Alfredo Quinones-Hinojosa, M.D., a neurosurgeon at Mayo Clinic's campus in Jacksonville, Florida, shares information about an innovative technique that offers patients with brain tumors a scarless treatment option.
Leveraging the expertise of surgeons who are familiar with the anatomy of the brain, eyes and frontal sinuses, this minimally invasive technique builds on an upper blepharoplasty — the cosmetic surgery for aging eyelids. Surgeons access the supraorbital bone through the fold within the upper eyelid. Then, through the quarter-sized incision, tiny cameras and microsurgical tools are introduced into the brain to remove the tumor.
At the end of surgery, a plastic and reconstructive surgeon closes the incision, ensuring the tiny scar remains well-hidden.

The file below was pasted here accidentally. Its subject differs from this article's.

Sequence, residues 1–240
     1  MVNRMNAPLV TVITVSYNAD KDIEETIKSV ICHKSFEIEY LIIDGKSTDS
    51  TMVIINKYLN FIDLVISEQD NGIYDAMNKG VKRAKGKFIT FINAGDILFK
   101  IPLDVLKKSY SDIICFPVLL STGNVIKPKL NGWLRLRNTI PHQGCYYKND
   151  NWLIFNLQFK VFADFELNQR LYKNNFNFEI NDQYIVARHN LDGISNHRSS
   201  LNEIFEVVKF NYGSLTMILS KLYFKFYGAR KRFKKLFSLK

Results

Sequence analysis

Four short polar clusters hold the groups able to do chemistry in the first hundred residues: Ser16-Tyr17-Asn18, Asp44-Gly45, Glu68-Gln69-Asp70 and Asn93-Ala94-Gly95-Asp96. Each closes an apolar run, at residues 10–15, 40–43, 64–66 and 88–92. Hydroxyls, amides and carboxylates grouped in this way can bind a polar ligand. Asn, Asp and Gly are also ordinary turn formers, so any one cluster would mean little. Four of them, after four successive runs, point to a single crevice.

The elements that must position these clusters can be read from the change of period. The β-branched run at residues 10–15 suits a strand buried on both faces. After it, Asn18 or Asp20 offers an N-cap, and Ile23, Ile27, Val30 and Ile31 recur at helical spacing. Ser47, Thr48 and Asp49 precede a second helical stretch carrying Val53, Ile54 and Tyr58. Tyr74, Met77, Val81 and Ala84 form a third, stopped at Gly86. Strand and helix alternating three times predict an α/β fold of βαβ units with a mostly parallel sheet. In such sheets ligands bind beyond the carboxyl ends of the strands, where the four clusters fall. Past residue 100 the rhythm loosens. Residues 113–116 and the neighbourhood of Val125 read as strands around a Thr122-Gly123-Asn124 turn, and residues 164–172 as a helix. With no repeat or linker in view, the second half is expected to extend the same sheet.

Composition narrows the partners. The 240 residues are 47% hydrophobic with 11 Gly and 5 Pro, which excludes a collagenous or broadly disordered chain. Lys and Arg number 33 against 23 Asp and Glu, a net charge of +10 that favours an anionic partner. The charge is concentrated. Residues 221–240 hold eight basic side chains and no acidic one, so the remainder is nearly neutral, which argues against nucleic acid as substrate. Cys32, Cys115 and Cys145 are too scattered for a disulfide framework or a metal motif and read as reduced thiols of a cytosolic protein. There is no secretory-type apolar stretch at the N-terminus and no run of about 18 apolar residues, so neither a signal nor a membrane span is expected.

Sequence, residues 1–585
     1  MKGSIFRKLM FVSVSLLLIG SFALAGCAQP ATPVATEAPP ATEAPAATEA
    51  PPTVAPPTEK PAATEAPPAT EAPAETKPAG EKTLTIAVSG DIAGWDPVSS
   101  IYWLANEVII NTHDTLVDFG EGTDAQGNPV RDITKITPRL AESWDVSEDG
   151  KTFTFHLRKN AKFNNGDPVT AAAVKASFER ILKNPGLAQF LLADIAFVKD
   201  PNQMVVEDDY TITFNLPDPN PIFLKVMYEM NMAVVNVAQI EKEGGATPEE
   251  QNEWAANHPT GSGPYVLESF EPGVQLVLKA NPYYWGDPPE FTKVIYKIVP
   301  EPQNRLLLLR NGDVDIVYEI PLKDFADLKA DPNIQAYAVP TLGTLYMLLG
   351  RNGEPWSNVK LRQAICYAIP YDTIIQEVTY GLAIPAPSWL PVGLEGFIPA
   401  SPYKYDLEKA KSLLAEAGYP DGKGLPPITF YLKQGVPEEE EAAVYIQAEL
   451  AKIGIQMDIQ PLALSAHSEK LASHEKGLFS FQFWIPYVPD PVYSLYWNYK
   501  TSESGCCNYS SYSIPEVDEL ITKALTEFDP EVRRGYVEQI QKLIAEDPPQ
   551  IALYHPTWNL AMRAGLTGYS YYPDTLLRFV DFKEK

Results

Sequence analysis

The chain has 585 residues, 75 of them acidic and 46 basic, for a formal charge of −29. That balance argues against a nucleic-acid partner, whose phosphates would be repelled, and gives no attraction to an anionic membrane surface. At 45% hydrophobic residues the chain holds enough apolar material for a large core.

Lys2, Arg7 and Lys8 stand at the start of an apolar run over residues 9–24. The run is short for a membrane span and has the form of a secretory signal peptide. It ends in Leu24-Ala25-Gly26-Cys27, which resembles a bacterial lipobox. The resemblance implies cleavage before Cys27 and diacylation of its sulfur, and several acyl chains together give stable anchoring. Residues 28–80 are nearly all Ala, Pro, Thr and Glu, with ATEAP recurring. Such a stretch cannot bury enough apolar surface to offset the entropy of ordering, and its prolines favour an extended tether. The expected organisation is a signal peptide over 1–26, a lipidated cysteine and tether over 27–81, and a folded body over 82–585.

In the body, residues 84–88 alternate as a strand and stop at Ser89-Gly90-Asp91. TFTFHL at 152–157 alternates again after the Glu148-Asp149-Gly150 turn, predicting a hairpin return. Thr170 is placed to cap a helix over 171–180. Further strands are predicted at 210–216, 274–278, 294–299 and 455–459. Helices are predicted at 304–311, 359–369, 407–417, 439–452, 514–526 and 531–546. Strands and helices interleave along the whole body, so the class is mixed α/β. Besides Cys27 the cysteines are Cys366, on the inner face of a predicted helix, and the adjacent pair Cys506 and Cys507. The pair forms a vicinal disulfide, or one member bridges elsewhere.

ALFREDO QUINONES-HINOJOSA: Well, we use what we call scarless brain surgery. We don't leave a scar on the patients when we go nowadays and try to take out some of the most complex brain tumors that affect the human body and the human brain. We pioneered this technique to be able to go through the eyelid to resect brain tumors. This innovative technique utilizes the expertise of several teams. In one side, you have the plastic surgeons-- being able to use a similar technique that they have used for many years for cosmetic surgery for the eyelid. This allows then to do a small opening in the bone that then allows us to get right under the brain, go in, and take out these tumors with minimal to no collateral damage to the brain. This surgery is extraordinarily complex once you get down into the brain. You have to consider that you're trying to disconnect these tumors from blood vessels from nerves from bone from dura and the corridor is extraordinarily narrow. When you are about 6 centimeters deep into the brain through a small little hole the size of a quarter, it makes the surgical approach extraordinarily complex. Traditionally, these tumors used to be removed through a large incision behind the hairline, removing the face and the forehead skin forward to be able to do an opening in the bone right above the eye. I would say that there are very few centers around the world that use this very specific technique of going through the eyelid. This technique of the supraorbital eyelid technique is not very common. The reason is because it really does require a tremendous expertise not only from the plastic surgeon to be able to do the incision and the reconstruction, but also from the brain surgeon to be able to work through small corridors where the instruments barely fit. This is amazing. I would say that the way the patients benefit from this type of surgical approach is first and foremost, they come in and they go home in one or two days. Sometimes they only stay in the hospital overnight for brain surgery. Number two, they go home and their scars heal beautifully. In a couple of weeks, you can barely tell that they had surgery. Number three, they go back to work much sooner. And number four, their quality of life and the way they feel about themselves is extraordinarily much more positive than when we used to do some of these very large surgical approaches.